Matthias (Ulli) Nollert is an Associate Professor in the School of Chemical, Biological and Materials Engineering. He received his BS degree from the University of Virginia and his PhD from Cornell University. His research is in the area of biomedical engineering. In particular, he is interested in how mechanical forces can affect biological processes. This has several applications in understanding how blood flow affects the biology of the human vasculature, including cell adhesion and tissue engineering. He has numerous publications and presentations. His work was most recently presented at the American Heart Association Scientific Sessions Meeting held in Dallas, Texas in November 2013. In addition to his research, Nollert teaches classes ranging from a freshman engineering orientation course to a graduate level class on bioengineering principles.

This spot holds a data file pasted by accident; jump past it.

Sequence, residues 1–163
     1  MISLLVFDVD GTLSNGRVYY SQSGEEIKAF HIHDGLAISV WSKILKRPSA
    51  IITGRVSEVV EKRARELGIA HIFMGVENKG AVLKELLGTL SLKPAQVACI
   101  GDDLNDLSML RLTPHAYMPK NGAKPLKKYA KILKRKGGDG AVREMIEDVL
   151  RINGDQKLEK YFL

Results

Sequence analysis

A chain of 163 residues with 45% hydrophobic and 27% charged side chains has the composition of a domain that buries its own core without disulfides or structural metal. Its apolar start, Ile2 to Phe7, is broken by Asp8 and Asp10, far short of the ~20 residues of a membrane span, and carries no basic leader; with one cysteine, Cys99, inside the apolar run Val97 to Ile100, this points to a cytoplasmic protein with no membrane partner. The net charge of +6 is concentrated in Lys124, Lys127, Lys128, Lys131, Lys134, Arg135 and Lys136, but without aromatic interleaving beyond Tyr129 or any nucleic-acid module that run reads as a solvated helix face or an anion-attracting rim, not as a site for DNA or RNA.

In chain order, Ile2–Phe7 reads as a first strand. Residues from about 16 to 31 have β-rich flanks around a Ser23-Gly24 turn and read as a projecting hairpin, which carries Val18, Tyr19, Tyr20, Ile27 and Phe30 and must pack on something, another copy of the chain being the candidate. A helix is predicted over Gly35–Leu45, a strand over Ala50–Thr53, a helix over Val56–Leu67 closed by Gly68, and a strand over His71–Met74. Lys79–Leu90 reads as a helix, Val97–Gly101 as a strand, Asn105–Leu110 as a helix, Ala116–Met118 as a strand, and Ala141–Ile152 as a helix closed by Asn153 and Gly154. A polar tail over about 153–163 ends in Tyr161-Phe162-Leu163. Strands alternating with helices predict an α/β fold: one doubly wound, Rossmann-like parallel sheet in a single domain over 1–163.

In the spirit of ideas worth spreading, TEDx is a program of local, self-organized events that bring people together to share a TED-like experience. At a TEDx event, TEDTalks video and live speakers combine to spark deep discussion and connection in a small group. These local, self-organized events are branded TEDx, where x = independently organized TED event. The TED Conference provides general guidance for the TEDx program, but individual TEDx events are self-organized.* (*Subject to certain rules and regulations)

James Burnes Gives the History of American Paleontology in Three Minutes